— An unrelated project, Project Gutenberg, had the vision to digitize all PD books, also this is where one of the best anti-spam tools came to be (ReCaptcha): They needed to digitize many books but the OCR scanners got stuck at some point, so a Guatemalan computer scientist (who later created Duolingo) developed a tool that would crowdsource solutions to the words OCRs could not recognize. CLEVER! The solution that would later become ReCaptcha was later acquired by Google. I wonder what’s in it for Google to maintain this service if they’ve killed Google Books – surely many other important pieces of information are being indexed at this point with the help of users who respond to the new ReCaptcha?


— Although Google didn’t really go very far with their noble initiative (and really no matter how many years it was between Google Books’s dawn and twilight, it wasn’t enough), I personally didn’t grasp how many other pieces of 0’s and 1’s were to be archived: Audio, Music, Videos, Audiobooks, TV news, etc. Enter the Internet Archive.

The Wayback Machine: “Can the Internet Be Archived?”

— As I went through the New Yorker article I could not help but notice the rhythm of the text: Jill Lepore went constantly back and forth between planes, as a composer would go back and forth between registers, resolving them one at a time. She discusses the architecture of the Web Archive’s physical building almost with reverence (the temple of information, as Kahle would probably like it to be), the history of the Web Archive (introducing it with a brief history of the Internet), and Kahle’s involvement in efforts of unifying entities in creating all-encompassing archives. We can’t deny there’s a musical element to the way this article is written.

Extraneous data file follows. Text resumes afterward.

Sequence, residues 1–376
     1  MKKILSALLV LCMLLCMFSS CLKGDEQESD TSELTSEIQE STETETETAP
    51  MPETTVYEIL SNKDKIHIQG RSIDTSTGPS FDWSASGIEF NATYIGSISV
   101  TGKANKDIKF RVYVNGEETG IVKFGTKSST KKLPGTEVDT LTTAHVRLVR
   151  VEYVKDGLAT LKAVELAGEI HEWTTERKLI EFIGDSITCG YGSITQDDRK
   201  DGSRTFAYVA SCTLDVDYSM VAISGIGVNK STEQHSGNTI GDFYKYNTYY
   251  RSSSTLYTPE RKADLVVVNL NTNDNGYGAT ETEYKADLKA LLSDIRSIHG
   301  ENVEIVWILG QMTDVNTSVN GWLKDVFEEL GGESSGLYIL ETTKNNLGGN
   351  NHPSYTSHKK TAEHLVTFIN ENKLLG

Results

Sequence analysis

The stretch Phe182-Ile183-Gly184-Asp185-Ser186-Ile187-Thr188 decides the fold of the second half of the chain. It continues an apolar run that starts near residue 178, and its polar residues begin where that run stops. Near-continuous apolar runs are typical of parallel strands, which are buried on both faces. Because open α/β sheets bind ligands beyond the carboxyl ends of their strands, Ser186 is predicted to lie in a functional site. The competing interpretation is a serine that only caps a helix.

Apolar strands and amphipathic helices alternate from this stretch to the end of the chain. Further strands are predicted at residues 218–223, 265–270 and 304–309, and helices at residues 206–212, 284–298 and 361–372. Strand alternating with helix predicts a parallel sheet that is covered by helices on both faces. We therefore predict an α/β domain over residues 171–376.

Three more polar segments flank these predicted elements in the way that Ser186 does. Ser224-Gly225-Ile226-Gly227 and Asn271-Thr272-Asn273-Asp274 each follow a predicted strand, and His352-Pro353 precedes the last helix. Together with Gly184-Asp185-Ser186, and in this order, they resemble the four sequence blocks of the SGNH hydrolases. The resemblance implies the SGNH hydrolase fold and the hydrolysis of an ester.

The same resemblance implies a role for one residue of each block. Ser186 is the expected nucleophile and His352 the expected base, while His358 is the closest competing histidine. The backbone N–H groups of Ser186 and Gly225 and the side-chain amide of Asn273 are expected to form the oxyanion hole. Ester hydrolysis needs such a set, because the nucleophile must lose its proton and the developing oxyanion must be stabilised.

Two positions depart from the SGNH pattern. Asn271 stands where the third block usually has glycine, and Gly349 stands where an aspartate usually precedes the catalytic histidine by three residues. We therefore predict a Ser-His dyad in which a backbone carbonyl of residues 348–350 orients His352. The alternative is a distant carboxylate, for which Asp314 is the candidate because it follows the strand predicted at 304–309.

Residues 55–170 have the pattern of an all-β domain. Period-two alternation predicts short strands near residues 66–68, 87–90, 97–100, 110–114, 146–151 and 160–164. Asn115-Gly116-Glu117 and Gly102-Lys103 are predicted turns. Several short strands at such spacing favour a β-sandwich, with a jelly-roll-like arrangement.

“And the past will be inescapable, which is as terrifying as it is interesting.”

— I wish I could escape some of the pictures I posted on MySpace when it was a thing. Maybe this move towards the permanence of the internet will make us re-think what we share in the future (don’t count on it), although the tone of the article made me think that the Web Archive does not really index social profiles of regular joes as much (I bet and hope they index Donald Trump’s Twitter a few times a day, for the sake of future research in American politics). As much as I wanted to escape the cheesy relationship things I posted back then, I do wish I wouldn’t have lost the music I posted in MySpace though. Some of my earlier experimentations with creating music posted in there were, at the very least, interesting for me to trace growth.

— Ever since I learned about the Wayback Machine a few years ago, I was fascinated with the concept: an archive of every website created in the history of the internet (since 1996 as I now know). Whoa.

— These lines really got to me: “We were so young then, and the Web was so young,” Berners-Lee told me. “I was trying to get it to go. Preservation was not a priority. But we’re getting older now.” Made me think of how we behave when we are younger, indestructible know-it-alls who have all their energy placed on the present and little concern for the future. When we mature a little bit more, then we start giving some more thought to our legacy: “what’s going to stay behind when I’m gone.” At least this is how I feel. Idk.

— Herbert Van de Sompel has a point when he mentions that “a world with one archive is a really bad idea:” let us reflect on what happened to the great Library of Alexandria. Thank you.

— Something tells me this archive will serve a much larger and much better-defined purpose in the future. I bet Copland didn’t save his manuscripts thinking “hey! Maybe one day the Library of Congress will create a collection to tell the history of our country through song!” Same here: we don’t know which research will be impacted by this, but we know that this will come in handy when researchers of the future start referencing the information published on websites today.